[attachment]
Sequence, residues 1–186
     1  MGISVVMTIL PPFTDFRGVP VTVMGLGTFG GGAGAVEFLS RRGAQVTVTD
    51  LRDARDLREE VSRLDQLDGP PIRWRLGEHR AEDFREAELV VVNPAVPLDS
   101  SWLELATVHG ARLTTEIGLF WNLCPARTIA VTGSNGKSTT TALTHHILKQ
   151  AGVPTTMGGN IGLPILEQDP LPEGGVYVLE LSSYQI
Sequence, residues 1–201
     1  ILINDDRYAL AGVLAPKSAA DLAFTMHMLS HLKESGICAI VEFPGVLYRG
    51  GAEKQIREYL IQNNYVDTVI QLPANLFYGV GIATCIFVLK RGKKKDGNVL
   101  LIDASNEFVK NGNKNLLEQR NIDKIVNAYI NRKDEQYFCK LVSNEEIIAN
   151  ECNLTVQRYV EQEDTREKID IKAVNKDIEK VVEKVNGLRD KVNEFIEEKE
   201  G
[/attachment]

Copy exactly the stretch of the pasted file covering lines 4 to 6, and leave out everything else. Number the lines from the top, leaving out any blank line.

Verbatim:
   101  SWLELATVHG ARLTTEIGLF WNLCPARTIA VTGSNGKSTT TALTHHILKQ
   151  AGVPTTMGGN IGLPILEQDP LPEGGVYVLE LSSYQI
Sequence, residues 1–201